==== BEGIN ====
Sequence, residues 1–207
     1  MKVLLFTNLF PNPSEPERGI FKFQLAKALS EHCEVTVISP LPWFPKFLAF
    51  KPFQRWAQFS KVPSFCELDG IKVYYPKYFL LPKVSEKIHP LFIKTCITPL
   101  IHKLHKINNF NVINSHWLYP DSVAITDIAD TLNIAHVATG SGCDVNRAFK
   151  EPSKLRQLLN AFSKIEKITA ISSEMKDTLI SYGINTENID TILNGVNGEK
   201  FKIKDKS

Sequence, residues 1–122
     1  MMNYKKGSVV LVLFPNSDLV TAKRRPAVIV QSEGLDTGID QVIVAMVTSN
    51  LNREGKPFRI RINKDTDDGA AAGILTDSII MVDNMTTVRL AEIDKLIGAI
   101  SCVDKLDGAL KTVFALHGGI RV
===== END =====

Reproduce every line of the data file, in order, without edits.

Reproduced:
Sequence, residues 1–207
     1  MKVLLFTNLF PNPSEPERGI FKFQLAKALS EHCEVTVISP LPWFPKFLAF
    51  KPFQRWAQFS KVPSFCELDG IKVYYPKYFL LPKVSEKIHP LFIKTCITPL
   101  IHKLHKINNF NVINSHWLYP DSVAITDIAD TLNIAHVATG SGCDVNRAFK
   151  EPSKLRQLLN AFSKIEKITA ISSEMKDTLI SYGINTENID TILNGVNGEK
   201  FKIKDKS

Sequence, residues 1–122
     1  MMNYKKGSVV LVLFPNSDLV TAKRRPAVIV QSEGLDTGID QVIVAMVTSN
    51  LNREGKPFRI RINKDTDDGA AAGILTDSII MVDNMTTVRL AEIDKLIGAI
   101  SCVDKLDGAL KTVFALHGGI RV